Included in a G-suite for education license is the ability to use Google Meet. Educators with the license should take advantage of the security provided by Google Meet. For example, attendees can only enter a meeting if they were entered as a guest or they are within the domain system (@yourschoolhere.edu). Therefore, random guests cannot enter the meeting without the host’s permission. It is no secret that Zoom (video conferencing tool) has been banned from use by education institutions and even the Department of Defense because of its relaxed security. Here is the recommended list of hardware for presenting during distance learning:
- Webcam – The most common and affordable is the Logitech C920. The C920 provides excellent picture quality with a built-in microphone at $79.99. As a peripheral device, this allows you to manipulate the camera unlike a built-in webcam on a laptop or tablet.
- Stand-alone Microphone – while most devices have built-in microphones, an external microphone built for high-definition audio input is important for presenting information. If you can afford the extra peripheral, the Snowball by Blue Microphones is an excellent balance between quality and affordability at $49.99.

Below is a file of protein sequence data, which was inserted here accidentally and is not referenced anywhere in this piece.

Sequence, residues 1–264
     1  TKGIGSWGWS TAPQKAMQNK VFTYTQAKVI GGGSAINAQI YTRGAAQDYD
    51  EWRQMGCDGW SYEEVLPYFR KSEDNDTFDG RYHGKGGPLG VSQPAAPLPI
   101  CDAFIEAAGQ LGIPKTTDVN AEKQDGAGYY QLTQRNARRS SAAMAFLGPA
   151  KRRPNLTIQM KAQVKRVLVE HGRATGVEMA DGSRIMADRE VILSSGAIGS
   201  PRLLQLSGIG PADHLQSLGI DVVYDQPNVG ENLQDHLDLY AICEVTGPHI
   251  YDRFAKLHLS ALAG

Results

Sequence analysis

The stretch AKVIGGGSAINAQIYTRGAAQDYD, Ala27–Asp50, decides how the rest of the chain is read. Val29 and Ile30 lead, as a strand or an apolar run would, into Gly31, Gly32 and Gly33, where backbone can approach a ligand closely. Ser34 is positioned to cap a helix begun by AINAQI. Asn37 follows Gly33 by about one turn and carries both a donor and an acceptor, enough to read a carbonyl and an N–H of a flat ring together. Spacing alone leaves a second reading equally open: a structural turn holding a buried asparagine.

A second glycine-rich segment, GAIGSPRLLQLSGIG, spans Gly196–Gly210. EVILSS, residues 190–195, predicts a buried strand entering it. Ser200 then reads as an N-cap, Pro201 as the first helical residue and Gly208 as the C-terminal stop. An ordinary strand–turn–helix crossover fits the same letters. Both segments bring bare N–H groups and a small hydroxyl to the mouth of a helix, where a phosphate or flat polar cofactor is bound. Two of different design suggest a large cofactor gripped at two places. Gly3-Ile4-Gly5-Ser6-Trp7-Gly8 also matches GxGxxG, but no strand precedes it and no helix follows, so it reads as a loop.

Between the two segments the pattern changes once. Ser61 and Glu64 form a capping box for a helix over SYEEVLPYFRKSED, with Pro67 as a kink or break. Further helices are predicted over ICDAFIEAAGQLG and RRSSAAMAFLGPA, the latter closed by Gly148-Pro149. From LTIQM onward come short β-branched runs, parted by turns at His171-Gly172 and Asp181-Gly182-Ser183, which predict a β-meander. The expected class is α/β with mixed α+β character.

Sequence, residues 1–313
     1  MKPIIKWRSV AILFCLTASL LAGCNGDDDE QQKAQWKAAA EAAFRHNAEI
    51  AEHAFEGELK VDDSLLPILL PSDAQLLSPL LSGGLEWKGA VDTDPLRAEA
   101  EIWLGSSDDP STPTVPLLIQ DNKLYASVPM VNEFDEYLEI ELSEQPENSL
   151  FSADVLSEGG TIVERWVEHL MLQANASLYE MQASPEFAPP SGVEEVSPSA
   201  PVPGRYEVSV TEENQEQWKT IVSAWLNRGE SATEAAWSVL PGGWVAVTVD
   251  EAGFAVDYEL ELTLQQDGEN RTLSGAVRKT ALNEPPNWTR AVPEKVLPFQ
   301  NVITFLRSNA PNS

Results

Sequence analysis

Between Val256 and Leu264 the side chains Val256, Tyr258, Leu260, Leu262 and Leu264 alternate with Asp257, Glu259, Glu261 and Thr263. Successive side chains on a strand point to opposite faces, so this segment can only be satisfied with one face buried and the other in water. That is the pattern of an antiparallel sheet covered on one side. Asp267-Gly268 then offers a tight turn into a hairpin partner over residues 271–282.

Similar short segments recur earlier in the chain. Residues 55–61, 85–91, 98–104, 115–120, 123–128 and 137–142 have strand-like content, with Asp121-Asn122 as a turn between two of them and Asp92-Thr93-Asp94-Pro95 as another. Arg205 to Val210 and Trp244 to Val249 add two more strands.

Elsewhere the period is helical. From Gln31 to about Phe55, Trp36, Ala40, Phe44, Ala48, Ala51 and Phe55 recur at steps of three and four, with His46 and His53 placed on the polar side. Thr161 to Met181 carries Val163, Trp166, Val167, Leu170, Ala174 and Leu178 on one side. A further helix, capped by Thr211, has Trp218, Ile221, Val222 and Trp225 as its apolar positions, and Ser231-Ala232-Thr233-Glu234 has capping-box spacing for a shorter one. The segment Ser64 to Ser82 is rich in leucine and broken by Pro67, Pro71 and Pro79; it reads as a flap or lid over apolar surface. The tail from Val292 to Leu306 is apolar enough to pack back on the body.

Recommended (Good to have, but not required):
- Smart Board with built-in audio/visual – A smartboard with built in audio/visual equipment is a great tool to use for presentation purposes. For example, the Google Jamboard is an excellent digital whiteboard capable of using Google Meet and allowing an educator and their students to collaborate virtually through the Jamboard.
- Wireless Headset microphone – a wireless headset microphone gives you the ability to move around your maker space and continue presenting without being tethered to the device. The HyperX is an affordable wireless headset at $60.99.
With the tools mentioned above, you will be set up for success to provide presentations, visual learning, and high-quality audio/video. We have all been a party to a conference call or webinar that has poor audio/video quality that destroys the credibility of a presentation. If you provide the high-quality tools, your participants will be more engaged. Granted, this is an ideal scenario where an educator can enter the space and provide distance learning to their students. What happens if you cannot access your maker space at all?
Educators must be prepared to provide effective maker space distance learning. We can do this by developing projects that can be made using house-hold materials such as cardboard or paper.